I have been fascinated by the 19th century figure Edward John Trelawny (1792-1881) since the random discovery of a copy of Adventures of A Younger Son (1830) at a Kirkby Lonsdale book fair in the mid 90s. Subsequently I have acquired and read almost every published biography available. There are seven plus his own books, diaries and letters.
Now I aim to tell you about them on an occasional schedule, with intent to follow chronological order of publication.
Without rehashing the biography itself, a summary of Trelawny’s historical position can be seen in the subtitles of the biographies: The Friend of Shelley; Incurable Romancer; A Man’s Life; Lord Byron’s Jackal; Trelawny’s World.
Although Trelawny had been written about by various biographers of both Shelleys and Byron, the first book devoted to him came within months of his death, from Richard Edgcumbe in 1882.
It is a slim volume of under 36 pages which necessarily lacks the depth of later books. On the other hand Edgcumbe actually knew Trelawny in person. His eulogistic preface is clearly heartfelt.
Alas! The dauntless Cornishman who in his youth swept the seas with De Witt, who in his prime fought with Byron for the independence of Greece, and who in old age commanded the sympathy and respect of all true lovers of romance, has passed away. Never more shall we gather round the old man’s chair, and approach through him the mighty Dead.
Therein lies the problem. Edgcumbe is credulous, his Trelawny was his means of vicarious encounter with poets. There is no questioning of the older rascal’s tallest tales. (It looks to me if Richard Garnett writing for the 1911 Encyclopaedia Brittanica c.1898-1900 may have been the earliest to challenge Trelawny’s stories with active research.)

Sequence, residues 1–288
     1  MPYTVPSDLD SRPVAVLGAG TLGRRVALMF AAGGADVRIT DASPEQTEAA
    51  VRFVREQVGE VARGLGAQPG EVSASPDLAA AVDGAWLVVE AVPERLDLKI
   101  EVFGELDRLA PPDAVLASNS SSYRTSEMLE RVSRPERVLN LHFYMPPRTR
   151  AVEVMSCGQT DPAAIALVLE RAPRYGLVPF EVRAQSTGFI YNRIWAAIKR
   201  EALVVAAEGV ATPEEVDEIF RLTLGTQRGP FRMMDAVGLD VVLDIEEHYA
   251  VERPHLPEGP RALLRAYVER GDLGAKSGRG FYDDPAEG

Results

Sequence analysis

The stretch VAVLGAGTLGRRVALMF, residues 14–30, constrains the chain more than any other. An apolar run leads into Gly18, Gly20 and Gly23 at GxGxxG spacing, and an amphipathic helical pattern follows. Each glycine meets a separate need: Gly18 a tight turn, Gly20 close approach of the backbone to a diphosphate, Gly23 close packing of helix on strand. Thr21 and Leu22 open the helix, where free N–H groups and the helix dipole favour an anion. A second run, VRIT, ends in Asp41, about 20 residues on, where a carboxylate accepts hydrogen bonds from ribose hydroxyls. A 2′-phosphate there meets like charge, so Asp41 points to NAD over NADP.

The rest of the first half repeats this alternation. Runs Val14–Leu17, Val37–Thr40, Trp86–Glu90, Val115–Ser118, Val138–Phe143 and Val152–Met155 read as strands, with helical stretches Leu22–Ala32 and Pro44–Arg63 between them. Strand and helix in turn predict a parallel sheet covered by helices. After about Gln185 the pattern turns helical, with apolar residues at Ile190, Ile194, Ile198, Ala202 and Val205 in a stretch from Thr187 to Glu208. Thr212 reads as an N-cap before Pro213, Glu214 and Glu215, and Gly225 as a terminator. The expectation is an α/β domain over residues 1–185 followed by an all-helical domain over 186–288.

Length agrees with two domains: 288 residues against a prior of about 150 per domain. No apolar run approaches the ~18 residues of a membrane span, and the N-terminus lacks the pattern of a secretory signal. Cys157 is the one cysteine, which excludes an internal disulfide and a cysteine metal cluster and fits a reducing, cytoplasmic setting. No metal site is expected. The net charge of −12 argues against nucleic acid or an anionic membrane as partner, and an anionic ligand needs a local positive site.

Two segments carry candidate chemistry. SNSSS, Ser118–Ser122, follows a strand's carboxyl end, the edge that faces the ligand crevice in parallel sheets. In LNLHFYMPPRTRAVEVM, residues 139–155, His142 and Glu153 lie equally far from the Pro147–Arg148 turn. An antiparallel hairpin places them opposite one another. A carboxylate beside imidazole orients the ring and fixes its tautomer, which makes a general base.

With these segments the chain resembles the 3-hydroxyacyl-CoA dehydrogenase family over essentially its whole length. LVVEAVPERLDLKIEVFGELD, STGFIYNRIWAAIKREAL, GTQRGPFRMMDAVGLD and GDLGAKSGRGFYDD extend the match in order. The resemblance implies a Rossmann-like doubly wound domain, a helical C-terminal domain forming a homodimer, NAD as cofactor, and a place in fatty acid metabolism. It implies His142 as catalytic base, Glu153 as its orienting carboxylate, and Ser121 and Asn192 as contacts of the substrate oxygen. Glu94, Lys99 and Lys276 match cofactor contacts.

So Trelawny’s naval experience is taken as read with extensive quotes of the Adventures. Edgcumbe is rapturous on his hero’s poetic prose, gushing even. Moreso he adulates Trelawny’s honesty and judgement of the great poets though Edgcumbe’s interpretation of this differs from my own.
Edgcumbe relies on his own experience with Trelawny and the latter’s books too heavily, resulting in the occasional error such as a wrong and vague birthdate. He cites correspondence of Mary Shelley however which confirms the dual nature of Trelawny as exaggerating his own role whilst equally positioning himself standing in the wings. This, which some later writers see as fundamental grounds to distrust Trelawny, is unquestioned.
Ultimately A Biographical Sketch is weakened by brevity, and its absence of anything from the last 55 years of Trelawny’s life. One of his great loves, Claire Clairmont, gets no mention whatsoever yet Trelawny’s correspondence suggests he must have talked of her.
Edgcumbe’s love though occasionally engages and enlightens his subject in thought provoking ways. For the newcomer to Trelawny, don’t start here, but for the rest of us, a nice addition.
(The sketch portrait above is by Sir Edwin Landseer possibly after Thomas Phillips discredited portrait of Trelawny in Albanian dress. It bears no resemblance to the Trelawny that Richard Edgcumbe knew.)